"Joseph...did as the angel of the Lord had directed him." —Matthew 1:24
St. Joseph was a foster-father. He was not the biological father of Jesus, but he raised Jesus from birth with all the love and faithfulness as would a biological father. It can also be said that St. Joseph was a foster-husband. Mary's spouse was the Holy Spirit. She conceived Jesus by the overshadowing of the Holy Spirit (Mt 1:18). The Church teaches that Mary was a perpetual virgin, devoted to her Spouse, the Holy Spirit (Catechism, 723). St. Joseph thus did not have a conjugal relationship with Mary, yet served her faithfully as her husband with all the devotion and holy protection as would any husband.
Mary certainly didn't consider Joseph a substitute husband or father. When she and Joseph found the twelve-year-old Jesus in the Temple, her words were "Your father and I," and "why have you done this to us?" (Lk 2:48) Mary followed Joseph's decisions with full confidence in his ability to hear the Lord.
God did not consider Joseph a substitute father or husband. The Lord entrusted him with the responsibility and honor of naming Jesus (Mt 1:25). God gave dreams and visions to Joseph. It was his ability to hear the Lord that God relied upon in giving him the orders to flee to Egypt and later return to Israel (Mt 2:13, 19-23). Jesus received His lineage as a royal Son of David through Joseph's standing in the tribe of Judah (Mt 1:16). Joseph may have been a foster-father and foster-husband, but God used him to father Jesus, our Savior, Redeemer, and Messiah. Thanks be to God for St. Joseph.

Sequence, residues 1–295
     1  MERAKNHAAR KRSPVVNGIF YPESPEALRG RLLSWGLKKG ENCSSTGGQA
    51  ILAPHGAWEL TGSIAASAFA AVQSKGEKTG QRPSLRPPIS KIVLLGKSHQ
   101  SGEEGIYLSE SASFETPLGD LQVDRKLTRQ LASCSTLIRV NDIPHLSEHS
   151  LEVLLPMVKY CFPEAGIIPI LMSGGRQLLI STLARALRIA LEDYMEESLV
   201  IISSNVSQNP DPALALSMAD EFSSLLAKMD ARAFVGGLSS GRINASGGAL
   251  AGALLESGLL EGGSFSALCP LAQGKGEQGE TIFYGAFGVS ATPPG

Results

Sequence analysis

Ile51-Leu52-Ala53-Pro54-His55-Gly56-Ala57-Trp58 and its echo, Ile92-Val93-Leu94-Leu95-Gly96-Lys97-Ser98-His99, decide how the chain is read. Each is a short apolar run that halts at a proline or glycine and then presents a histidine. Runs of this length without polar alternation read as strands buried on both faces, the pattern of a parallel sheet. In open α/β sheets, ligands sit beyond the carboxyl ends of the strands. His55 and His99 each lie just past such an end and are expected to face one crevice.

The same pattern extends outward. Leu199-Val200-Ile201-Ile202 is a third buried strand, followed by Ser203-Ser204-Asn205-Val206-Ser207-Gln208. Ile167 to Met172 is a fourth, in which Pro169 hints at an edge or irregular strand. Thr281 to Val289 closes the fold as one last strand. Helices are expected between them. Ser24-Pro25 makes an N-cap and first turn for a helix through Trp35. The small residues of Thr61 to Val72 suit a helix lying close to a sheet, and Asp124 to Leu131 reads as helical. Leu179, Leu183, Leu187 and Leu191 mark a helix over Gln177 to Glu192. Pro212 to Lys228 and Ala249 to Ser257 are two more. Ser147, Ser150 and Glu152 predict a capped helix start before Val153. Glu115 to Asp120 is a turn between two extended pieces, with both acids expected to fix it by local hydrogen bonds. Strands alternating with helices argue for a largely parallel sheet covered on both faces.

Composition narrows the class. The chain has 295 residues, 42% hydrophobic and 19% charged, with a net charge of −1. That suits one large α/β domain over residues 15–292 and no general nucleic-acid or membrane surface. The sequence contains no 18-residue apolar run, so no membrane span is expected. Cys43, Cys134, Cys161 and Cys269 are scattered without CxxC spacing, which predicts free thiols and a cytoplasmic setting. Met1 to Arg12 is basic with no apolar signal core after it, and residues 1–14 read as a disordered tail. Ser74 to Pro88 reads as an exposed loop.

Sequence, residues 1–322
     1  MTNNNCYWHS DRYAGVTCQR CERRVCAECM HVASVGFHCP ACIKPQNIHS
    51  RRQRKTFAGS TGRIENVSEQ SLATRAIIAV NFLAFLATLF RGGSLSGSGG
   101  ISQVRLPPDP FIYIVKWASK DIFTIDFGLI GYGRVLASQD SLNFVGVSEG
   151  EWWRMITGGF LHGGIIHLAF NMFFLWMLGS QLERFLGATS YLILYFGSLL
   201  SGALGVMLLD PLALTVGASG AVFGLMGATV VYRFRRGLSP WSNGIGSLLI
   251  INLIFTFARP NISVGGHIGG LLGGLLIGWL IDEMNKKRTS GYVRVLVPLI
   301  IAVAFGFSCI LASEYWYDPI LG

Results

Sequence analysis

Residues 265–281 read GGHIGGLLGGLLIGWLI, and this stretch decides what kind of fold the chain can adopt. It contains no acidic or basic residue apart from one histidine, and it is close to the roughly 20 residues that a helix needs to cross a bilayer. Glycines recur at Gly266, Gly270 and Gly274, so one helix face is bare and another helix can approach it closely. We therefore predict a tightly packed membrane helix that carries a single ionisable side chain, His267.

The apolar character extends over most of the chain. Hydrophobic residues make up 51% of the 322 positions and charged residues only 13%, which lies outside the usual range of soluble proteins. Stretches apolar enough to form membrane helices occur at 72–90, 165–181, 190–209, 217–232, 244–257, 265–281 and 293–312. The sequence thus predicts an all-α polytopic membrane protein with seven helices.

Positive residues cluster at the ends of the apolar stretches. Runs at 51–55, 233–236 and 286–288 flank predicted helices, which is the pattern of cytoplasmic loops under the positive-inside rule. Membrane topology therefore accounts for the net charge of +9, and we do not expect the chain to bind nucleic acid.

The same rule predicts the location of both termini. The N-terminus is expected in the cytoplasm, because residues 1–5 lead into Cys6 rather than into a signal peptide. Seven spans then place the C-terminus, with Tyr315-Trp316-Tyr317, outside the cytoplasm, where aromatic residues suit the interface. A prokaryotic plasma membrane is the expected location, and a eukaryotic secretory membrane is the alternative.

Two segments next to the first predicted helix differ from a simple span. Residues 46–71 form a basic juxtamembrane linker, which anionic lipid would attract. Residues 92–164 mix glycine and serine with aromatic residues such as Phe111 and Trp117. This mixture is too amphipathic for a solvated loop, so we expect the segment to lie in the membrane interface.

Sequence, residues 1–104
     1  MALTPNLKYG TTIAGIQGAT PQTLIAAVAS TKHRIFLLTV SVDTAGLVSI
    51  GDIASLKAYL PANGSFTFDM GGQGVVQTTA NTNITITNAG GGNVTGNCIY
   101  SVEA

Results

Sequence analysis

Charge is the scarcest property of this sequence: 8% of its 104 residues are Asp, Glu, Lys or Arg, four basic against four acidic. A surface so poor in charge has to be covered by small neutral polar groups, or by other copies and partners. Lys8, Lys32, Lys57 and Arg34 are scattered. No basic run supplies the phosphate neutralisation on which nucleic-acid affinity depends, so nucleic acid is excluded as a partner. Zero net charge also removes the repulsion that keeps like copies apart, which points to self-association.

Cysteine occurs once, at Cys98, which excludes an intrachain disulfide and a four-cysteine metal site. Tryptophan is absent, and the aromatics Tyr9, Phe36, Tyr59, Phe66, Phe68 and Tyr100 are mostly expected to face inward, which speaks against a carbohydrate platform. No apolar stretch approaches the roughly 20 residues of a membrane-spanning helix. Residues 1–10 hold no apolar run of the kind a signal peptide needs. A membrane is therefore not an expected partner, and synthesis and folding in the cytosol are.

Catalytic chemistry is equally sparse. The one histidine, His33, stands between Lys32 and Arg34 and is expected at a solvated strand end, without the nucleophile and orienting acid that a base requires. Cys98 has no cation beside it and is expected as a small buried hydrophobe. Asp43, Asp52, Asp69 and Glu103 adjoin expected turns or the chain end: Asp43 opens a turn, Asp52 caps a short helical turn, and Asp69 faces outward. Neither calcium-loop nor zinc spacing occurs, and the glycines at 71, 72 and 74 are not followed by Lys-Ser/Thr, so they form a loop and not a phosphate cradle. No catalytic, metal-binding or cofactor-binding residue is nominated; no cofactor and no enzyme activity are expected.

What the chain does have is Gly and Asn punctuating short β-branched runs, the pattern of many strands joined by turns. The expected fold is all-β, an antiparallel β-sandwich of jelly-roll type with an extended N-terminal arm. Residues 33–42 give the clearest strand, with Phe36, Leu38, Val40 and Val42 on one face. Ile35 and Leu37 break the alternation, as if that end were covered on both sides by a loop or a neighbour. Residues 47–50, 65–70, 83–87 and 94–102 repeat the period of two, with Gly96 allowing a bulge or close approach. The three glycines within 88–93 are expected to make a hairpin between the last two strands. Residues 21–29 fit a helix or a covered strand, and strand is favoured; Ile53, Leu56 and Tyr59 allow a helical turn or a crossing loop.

Prayer: Father, may St. Joseph foster many holy vocations to the priesthood, religious life, holy married and lay single life.
Promise: "The lives of the poor He shall save." Ps 72:13
Praise: "O sacred Lord of ancient Israel, Who showed Yourself to Moses in the burning bush, Who gave him the holy law on Sinai mountain: Come, stretch out Your mighty hand to set us free."
Reference: (This teaching was submitted by a member of our editorial team.)
Rescript: †Most Reverend Joseph R. Binzer, Auxiliary Bishop, Vicar General of the Archdiocese of Cincinnati, April 2, 2019
The Nihil Obstat ("Permission to Publish") is a declaration that a book or pamphlet is considered to be free of doctrinal or moral error. It is not implied that those who have granted the Nihil Obstat agree with the contents, opinions, or statements expressed.